This chapter traces the ideational dimensions of the public sphere. To validate the evolving form of public sphere criticism, and to find evidence for how it relates back to the utopia of a possible new beginning, I will systematically approach the notion of the modern public sphere and trace its transformation. This requires us, first, to engage with the key texts of Jürgen Habermas and to reconstruct the legacy of the European Enlightenment that formulated the linkage between publicity and reasoning. Secondly, I will identify the core normative dimensions of the public sphere and their interlinkage with democracy. Thirdly, I discuss degrees of erosion of democratic norms and public sphere principles. I investigate these accounts of democratic decay not as an empirical diagnosis but as a form of normative critique. As such, I am interested in what facilitates critique, who promotes it and what the cognitive prerequisites are for expressing critique in the form of specific knowledge about empirical facts and causalities. I call this a sociology of knowledge of public sphere critique.
This chapter delivers an empirical account of ongoing public sphere transformations. I will recapitulate the stock of knowledge about media and public sphere disruptions and their devastating effects on democracy. Within critical media studies, analytical knowledge about media malfunctioning and failures is, however, concurrently taken up by various social carriers and translated into forms of public critique and political mobilization. I distinguish between the critique of instrumental and functional performance and the normative critique of media. Both have developed in parallel, establishing rituals of media critique that are internal to the discipline of media studies (in the tradition of what is called critical media studies), transdisciplinary (in the tradition of cultural studies, as well as approaches of political economy), or external, as a universal template for the critique of media content and performance that is applied by public intellectuals and political actors as well as by audience members.
The book addresses new challenges to the formation of publics in datafied democracies. It proposes a fresh, complex and nuanced approach to understand ‘datapublics’, by considering datafication and public formation in the context of audience, journalism and infrastructure studies.
The tightly woven chapters shed new light on how platforms, algorithms and their data infrastructure are interwoven with journalistic values, discourses and practices, opening up new conditions for publics to display agency, mobilize and achieve legitimacy. It does so across empirical sites such as anti-COVID-19 protest movements, newsrooms in media organizations, comment sections, Facebook groups and data science departments inside media organizations. Building on rich empirical analysis it shows how publics are constructed and negotiated in the intersection of audience agency, digital infrastructures and media cultivation. It conceptualizes publicness as modalities, emphasizing stratification, legitimization, visibility, attention and recognition, and illustrates how datafication as a value system and discourse has an impact on those modalities.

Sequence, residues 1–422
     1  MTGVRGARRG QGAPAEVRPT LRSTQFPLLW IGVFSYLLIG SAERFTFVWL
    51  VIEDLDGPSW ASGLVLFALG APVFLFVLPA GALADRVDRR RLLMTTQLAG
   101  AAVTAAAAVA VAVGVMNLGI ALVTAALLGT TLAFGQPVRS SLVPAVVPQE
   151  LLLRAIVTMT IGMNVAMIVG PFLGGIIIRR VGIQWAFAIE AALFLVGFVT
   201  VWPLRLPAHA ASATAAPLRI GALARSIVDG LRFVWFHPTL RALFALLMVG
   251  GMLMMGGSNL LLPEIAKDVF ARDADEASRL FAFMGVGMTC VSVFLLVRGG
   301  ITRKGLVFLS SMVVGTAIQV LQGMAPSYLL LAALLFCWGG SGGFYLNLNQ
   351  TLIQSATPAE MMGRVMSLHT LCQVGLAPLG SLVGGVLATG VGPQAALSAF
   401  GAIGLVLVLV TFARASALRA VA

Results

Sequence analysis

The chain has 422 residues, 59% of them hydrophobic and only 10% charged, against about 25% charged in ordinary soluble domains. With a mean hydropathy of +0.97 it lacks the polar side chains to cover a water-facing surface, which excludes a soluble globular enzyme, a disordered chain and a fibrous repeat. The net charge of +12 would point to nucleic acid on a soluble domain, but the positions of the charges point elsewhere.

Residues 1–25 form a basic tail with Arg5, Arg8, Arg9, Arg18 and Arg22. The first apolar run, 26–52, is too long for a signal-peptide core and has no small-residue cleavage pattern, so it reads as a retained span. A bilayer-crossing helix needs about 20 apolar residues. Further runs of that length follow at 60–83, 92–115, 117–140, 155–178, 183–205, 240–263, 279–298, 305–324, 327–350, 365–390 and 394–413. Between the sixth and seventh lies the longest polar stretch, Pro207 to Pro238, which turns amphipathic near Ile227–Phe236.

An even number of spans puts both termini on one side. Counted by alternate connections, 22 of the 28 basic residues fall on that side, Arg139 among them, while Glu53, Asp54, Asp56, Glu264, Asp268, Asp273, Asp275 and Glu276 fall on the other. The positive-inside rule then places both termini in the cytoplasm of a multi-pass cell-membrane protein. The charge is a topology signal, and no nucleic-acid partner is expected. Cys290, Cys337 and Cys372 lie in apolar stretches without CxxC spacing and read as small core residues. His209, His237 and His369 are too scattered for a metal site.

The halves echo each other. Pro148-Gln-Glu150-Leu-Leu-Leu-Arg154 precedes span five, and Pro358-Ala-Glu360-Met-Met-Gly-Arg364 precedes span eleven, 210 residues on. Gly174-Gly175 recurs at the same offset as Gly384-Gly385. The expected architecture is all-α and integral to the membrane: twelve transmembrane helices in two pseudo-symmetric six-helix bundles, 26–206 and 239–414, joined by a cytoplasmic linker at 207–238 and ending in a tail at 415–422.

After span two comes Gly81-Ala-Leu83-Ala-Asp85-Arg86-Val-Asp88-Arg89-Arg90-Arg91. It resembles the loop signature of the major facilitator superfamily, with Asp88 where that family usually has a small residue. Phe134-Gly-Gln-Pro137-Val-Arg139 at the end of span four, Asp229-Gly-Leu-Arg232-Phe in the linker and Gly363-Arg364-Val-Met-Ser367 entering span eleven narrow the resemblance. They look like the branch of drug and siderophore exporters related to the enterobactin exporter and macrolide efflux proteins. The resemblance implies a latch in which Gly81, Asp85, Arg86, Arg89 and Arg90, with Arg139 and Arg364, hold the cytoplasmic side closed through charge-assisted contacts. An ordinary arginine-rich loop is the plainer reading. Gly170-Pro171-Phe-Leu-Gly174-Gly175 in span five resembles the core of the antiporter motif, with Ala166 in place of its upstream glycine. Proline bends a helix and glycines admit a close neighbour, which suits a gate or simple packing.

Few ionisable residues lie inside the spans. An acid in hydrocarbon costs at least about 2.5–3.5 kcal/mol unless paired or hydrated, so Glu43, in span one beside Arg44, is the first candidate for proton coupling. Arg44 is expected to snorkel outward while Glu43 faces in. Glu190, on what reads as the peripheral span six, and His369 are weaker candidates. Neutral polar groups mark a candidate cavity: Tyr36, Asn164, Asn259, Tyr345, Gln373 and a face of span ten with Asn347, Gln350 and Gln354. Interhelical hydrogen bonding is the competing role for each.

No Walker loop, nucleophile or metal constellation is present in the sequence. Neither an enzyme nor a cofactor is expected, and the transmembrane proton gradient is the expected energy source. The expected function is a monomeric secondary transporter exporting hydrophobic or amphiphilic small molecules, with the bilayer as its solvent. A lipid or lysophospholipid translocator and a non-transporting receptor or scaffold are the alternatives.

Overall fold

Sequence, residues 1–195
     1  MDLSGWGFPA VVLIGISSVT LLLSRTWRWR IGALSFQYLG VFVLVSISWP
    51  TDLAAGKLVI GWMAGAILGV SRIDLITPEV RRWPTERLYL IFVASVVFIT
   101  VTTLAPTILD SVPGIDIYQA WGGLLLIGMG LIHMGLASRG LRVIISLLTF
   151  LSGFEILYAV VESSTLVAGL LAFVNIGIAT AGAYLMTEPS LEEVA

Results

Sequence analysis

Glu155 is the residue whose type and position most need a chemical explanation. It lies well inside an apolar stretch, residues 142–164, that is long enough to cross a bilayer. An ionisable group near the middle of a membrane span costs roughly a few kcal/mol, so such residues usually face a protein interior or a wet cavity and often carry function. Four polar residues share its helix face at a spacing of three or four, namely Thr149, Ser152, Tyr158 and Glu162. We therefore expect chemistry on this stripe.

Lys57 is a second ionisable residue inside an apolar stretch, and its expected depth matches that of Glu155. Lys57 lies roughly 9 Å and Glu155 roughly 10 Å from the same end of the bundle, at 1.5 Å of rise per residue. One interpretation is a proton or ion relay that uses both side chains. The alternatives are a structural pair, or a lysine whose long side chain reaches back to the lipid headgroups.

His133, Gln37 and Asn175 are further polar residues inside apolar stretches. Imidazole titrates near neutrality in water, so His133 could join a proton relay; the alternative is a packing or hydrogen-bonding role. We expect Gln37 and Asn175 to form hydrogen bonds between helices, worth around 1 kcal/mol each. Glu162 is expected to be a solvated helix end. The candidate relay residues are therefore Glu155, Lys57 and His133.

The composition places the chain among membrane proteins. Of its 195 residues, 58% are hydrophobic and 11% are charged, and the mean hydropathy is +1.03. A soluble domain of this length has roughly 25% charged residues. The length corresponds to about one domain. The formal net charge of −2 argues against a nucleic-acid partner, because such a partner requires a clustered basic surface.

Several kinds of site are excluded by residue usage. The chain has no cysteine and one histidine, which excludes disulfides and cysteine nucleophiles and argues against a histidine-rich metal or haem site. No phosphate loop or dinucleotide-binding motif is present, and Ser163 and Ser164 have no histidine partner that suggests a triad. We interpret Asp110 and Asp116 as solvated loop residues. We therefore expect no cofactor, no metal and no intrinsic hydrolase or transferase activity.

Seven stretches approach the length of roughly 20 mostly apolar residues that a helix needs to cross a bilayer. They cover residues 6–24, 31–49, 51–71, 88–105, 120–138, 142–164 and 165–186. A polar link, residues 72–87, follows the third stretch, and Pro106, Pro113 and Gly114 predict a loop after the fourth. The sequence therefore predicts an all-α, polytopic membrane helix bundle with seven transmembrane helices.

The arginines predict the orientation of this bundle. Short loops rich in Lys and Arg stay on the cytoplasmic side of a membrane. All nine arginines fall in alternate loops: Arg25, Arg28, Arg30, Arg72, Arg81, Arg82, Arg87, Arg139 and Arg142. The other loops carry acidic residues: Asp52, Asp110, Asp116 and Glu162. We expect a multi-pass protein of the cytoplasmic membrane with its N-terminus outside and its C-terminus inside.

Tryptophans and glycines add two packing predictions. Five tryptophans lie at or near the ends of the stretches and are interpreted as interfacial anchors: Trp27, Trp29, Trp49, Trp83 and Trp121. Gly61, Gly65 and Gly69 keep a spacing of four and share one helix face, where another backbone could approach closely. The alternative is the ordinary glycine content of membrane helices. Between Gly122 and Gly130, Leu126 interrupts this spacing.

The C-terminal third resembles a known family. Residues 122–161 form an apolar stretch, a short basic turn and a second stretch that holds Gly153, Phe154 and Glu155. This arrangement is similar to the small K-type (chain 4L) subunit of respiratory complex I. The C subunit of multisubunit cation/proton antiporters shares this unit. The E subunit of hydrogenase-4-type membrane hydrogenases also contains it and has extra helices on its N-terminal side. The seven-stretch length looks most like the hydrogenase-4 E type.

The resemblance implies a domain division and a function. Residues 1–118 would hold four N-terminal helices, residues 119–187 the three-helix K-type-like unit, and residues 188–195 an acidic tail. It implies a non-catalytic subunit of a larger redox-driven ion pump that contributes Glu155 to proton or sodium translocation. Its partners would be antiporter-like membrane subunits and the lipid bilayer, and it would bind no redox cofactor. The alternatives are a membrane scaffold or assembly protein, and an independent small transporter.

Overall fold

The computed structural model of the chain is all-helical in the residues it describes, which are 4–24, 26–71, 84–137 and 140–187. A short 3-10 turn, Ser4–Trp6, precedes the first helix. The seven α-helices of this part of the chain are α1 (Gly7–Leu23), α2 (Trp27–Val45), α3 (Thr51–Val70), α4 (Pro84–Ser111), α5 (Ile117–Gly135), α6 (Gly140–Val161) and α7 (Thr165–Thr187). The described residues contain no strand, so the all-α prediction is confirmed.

Metadata tags are key to visibility in today’s datafied world as they organize news articles through meta-information that allows news to be recognized by algorithms and disseminated across the web. For the news media, this means that news must be classified according to predefined categories. This chapter examines metatags of 260 European news websites and determines the extent to which they apply metatags that allow webpages to be featured in Google search results. Furthermore, the chapter examines how media organizations are compliant with the metadata library of Schema.org, which is organized by, among others, Yandex, Google and the World Wide Web Consortium. While a majority of media are compliant with Google and Schema.org libraries, only a few large organizations utilize these to the full extent. Finally, the chapter discusses the impact for mediated public formation in the context of access to information via the news delivered through search engines.
This concluding chapter takes stock of the contributions made by this volume, in which we developed the concept of datapublics to understand the transformations that have affected the fields of journalism and media. We suggest seeing the construction of publics as hybrid – not directly connected to any specific media space or enabled by any specific technology – as a struggle between different normative ideals embodied in publics, and as a process involving different modalities of publicness and datafication. Publicness (attention, visibility, legitimacy, hierarchization and valorization) and datafication (as a process, a discourse and a value-system) become physical, virtual and imagined spaces in which struggles for the construction of datapublics take place, struggles that affect not only how datapublics come into being in datafied societies, but with all actors involved in their formation.